Emergence of group rationality from irrational individuals
Evolutionary theory predicts that animal decision makers should be rational, meaning that they consistently choose fitness-maximizing options. Despite this, violations of rationality have been found repeatedly in humans and other animals. The significance of these violations remains controversial, but many explanations point to cognitive limitations that prevent animals from adequately processing the information needed for fully rational choice. Instead, they rely on heuristics that usually work well but yield systematic errors in specific contexts. Although past research on rationality has focused on individuals, many highly integrated groups, such as ant colonies, regularly make consensus choices among food sources, nest sites, or other options. These collective choices emerge from local interactions among many group members, none of whom take on the whole burden of decision making. We hypothesized that groups may evade the irrational consequences of individual limitations by distributing their decision making across many group members. We tested this in the well-studied case of collective nest-site selection by Temnothorax ants. We found that individual ants, but not colonies, strongly violated rationality when presented with a challenging nest-site choice. Specifically, isolated individuals irrationally switched their preference between 2 alternative nest sites based on their experience of an unattractive decoy. Given the same choice, intact colonies maintained consistent preferences regardless of the decoy's presence. Previous studies have stressed how distributed decision making can filter out random errors made by group members. Our results show that collectives can also suppress systematic errors that emerge from the decision heuristics of cognitively limited individuals. Copyright 2011, Oxford University Press.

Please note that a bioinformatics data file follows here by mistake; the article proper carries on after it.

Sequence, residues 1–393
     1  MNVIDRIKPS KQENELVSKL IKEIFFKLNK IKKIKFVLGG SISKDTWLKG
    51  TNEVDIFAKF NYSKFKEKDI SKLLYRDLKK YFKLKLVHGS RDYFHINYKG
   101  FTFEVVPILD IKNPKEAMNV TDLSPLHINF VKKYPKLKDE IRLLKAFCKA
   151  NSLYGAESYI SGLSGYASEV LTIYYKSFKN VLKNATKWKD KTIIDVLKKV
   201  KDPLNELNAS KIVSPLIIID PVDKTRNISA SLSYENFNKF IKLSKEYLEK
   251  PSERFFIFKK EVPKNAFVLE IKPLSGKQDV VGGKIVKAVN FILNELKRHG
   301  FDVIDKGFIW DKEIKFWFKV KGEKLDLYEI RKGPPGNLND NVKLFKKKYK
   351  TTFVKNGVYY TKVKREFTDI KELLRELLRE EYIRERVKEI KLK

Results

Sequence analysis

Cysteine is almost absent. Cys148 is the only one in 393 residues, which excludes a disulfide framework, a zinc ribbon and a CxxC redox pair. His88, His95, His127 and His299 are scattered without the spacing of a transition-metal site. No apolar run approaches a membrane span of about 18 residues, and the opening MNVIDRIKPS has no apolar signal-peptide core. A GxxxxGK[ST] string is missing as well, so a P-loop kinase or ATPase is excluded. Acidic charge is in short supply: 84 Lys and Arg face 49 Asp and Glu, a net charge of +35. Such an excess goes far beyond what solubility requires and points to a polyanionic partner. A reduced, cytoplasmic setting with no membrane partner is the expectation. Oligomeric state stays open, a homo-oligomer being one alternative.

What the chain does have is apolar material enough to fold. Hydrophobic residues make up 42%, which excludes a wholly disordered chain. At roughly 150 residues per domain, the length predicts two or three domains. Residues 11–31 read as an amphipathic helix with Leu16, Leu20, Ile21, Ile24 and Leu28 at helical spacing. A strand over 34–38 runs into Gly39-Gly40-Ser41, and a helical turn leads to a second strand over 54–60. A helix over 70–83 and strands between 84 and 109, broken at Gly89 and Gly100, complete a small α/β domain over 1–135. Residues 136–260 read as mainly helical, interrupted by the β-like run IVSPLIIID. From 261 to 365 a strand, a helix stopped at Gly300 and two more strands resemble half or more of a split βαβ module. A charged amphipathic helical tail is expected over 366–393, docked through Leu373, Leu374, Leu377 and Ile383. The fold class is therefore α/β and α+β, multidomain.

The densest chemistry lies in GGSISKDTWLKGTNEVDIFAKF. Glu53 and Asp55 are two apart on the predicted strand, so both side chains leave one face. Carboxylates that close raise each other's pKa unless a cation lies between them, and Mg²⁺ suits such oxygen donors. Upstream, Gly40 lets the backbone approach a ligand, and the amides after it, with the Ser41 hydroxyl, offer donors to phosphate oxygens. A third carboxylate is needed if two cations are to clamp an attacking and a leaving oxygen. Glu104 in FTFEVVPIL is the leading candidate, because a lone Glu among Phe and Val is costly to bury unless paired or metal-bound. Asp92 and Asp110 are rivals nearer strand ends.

If you experience problems downloading a file, check if you have the proper application to view it first. In case of further problems read the IDEAS help page. Note that these files are not on the IDEAS site. Please be patient as the files may be large.
As the access to this document is restricted, you may want to look for a different version under "Related research" (further below) or search for a different version of it.
Volume (Year): 22 (2011)
Issue (Month): 2 ()
|Contact details of provider:|| Postal: Oxford University Press, Great Clarendon Street, Oxford OX2 6DP, UK|
Fax: 01865 267 985
Web page: https://academic.oup.com/beheco
|Order Information:||Web: http://www.oup.co.uk/journals|
When requesting a correction, please mention this item's handle: RePEc:oup:beheco:v:22:y:2011:i:2:p:276-281. See general information about how to correct material in RePEc.
For technical questions regarding this item, or to correct its authors, title, abstract, bibliographic or download information, contact: (Oxford University Press)or (Christopher F. Baum)
If you have authored this item and are not yet registered with RePEc, we encourage you to do it here. This allows to link your profile to this item. It also allows you to accept potential citations to this item that we are uncertain about.
If references are entirely missing, you can add them using this form.
If the full references list an item that is present in RePEc, but the system did not link to it, you can help with this form.
If you know of missing items citing this one, you can help us creating those links by adding the relevant references in the same way as above, for each refering item. If you are a registered author of this item, you may also want to check the "citations" tab in your profile, as there may be some citations waiting for confirmation.
Please note that corrections may take a couple of weeks to filter through the various RePEc services.